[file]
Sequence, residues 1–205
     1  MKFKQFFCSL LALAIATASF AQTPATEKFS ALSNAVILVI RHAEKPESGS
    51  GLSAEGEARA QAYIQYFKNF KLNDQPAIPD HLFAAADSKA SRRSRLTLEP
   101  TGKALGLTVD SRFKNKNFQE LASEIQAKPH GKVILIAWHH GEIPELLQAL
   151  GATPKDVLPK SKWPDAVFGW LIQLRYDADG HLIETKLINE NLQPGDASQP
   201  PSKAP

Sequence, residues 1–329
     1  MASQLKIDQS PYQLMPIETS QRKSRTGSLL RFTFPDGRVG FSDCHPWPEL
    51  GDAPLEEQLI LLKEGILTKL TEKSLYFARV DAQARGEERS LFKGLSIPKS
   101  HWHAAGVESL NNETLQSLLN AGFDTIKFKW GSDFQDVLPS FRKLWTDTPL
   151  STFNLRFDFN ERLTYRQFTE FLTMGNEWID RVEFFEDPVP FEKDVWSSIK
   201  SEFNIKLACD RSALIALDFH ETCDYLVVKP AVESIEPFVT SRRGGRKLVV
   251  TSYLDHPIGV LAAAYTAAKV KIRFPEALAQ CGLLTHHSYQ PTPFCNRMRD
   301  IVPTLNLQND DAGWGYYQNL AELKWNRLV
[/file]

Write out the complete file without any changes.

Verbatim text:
Sequence, residues 1–205
     1  MKFKQFFCSL LALAIATASF AQTPATEKFS ALSNAVILVI RHAEKPESGS
    51  GLSAEGEARA QAYIQYFKNF KLNDQPAIPD HLFAAADSKA SRRSRLTLEP
   101  TGKALGLTVD SRFKNKNFQE LASEIQAKPH GKVILIAWHH GEIPELLQAL
   151  GATPKDVLPK SKWPDAVFGW LIQLRYDADG HLIETKLINE NLQPGDASQP
   201  PSKAP

Sequence, residues 1–329
     1  MASQLKIDQS PYQLMPIETS QRKSRTGSLL RFTFPDGRVG FSDCHPWPEL
    51  GDAPLEEQLI LLKEGILTKL TEKSLYFARV DAQARGEERS LFKGLSIPKS
   101  HWHAAGVESL NNETLQSLLN AGFDTIKFKW GSDFQDVLPS FRKLWTDTPL
   151  STFNLRFDFN ERLTYRQFTE FLTMGNEWID RVEFFEDPVP FEKDVWSSIK
   201  SEFNIKLACD RSALIALDFH ETCDYLVVKP AVESIEPFVT SRRGGRKLVV
   251  TSYLDHPIGV LAAAYTAAKV KIRFPEALAQ CGLLTHHSYQ PTPFCNRMRD
   301  IVPTLNLQND DAGWGYYQNL AELKWNRLV